Neither federal nor state leaders have taken steps to build child-care systems that are safe, affordable, and of high quality, according to a new report issued by the Children’s Defense Fund.
“We are facing a child-care crisis in this country,” said Marian Wright Edelman, president of the fund, a national child-advocacy or-ganization based in Washington, D.C. “Young children are being left alone to care for themselves or in makeshift arrangements because their poor and working parents cannot find affordable child care.”
“At best, there have been minor improvements in limited areas of child care during the past year,” charged the group’s report, “Child Care: The States’ Response, A Survey of State Child Care Policies, 1983-1984.”
According to the cdf, more than 9 million children under age 6 and almost 15 million children ages 6 to 13 have working mothers.
The report calls for the institution of strong national standards and financial incentives to states to monitor those standards. The report calls on the Congress to reauthorize the Head Start program and provide funds for communities to start and operate school-age child-care programs.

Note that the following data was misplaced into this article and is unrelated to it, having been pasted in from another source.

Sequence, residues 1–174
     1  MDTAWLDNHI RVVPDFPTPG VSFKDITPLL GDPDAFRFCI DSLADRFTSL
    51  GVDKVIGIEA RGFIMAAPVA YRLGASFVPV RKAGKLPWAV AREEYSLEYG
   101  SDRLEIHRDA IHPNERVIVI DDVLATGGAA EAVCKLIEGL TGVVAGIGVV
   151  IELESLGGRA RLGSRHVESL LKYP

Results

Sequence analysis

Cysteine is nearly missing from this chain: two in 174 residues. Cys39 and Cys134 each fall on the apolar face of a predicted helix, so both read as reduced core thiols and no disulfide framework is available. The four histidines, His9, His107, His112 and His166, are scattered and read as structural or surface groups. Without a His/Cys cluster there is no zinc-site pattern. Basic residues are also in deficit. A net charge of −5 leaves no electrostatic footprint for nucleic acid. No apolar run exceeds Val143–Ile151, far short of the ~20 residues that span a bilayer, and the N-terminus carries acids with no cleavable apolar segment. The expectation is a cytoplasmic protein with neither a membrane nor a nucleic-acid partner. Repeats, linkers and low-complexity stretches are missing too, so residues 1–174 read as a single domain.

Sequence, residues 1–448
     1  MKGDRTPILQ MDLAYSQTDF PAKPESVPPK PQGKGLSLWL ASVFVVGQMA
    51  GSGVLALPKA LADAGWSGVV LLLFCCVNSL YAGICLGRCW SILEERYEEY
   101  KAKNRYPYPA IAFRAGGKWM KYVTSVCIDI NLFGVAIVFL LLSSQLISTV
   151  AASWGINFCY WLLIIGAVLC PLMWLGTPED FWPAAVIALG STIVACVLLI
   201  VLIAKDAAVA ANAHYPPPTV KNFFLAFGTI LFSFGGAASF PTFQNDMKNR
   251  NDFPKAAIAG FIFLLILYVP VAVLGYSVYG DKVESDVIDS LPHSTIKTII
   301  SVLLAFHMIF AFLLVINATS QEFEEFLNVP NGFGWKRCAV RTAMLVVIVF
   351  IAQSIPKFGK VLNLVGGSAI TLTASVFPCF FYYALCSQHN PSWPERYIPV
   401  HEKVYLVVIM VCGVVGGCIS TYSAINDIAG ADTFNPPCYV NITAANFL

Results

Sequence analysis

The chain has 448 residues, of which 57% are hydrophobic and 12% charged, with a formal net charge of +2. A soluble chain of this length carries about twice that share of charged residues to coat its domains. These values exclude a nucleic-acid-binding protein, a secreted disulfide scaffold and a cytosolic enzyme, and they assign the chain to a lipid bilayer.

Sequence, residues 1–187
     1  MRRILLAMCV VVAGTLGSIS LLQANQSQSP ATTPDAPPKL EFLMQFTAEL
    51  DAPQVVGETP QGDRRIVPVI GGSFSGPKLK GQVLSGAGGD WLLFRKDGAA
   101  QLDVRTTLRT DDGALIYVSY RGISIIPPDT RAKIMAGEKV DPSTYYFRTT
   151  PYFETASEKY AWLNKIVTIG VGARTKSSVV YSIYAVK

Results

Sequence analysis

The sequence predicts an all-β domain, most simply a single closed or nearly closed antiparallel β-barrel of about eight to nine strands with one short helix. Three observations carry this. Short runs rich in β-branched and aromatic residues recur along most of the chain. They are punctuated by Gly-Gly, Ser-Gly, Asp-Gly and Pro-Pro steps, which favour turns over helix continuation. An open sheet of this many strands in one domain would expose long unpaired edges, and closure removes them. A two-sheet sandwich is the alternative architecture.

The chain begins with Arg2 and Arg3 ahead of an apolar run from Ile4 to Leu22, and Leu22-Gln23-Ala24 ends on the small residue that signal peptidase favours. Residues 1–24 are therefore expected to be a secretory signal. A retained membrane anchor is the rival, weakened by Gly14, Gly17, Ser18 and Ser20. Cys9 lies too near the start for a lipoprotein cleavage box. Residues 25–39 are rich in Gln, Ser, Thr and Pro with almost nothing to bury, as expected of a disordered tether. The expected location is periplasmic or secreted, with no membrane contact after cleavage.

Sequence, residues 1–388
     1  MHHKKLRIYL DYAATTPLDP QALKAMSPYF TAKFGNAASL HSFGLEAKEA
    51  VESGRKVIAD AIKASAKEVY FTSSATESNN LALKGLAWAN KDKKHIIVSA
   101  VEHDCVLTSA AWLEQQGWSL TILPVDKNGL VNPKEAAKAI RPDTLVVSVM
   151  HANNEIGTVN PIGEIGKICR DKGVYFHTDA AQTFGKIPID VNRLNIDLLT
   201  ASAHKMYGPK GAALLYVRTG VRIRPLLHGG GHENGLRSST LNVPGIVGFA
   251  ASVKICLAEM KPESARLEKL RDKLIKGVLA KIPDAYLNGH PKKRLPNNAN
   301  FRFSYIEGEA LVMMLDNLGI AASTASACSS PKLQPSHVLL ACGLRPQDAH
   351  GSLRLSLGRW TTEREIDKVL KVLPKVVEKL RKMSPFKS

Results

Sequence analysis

“Three years after the Reagan Administration cut 21 percent from the Title XX Social Services Block Grant, the major source of federal day-care funds for poor children, the states are still struggling to catch up,” according to the report. “In 1984, despite increased need and higher costs, 25 states are spending less for day care than in 1981, 27 states are serving fewer children, and 15 states are paying 1981 wages to child-care workers.”
Copies of the report are available for $6.75 from the Children’s Defense Fund, 122 C St., N.W., Washington, D.C. 20001.
A version of this article appeared in the October 03, 1984 edition of Education Week as Federal News Roundup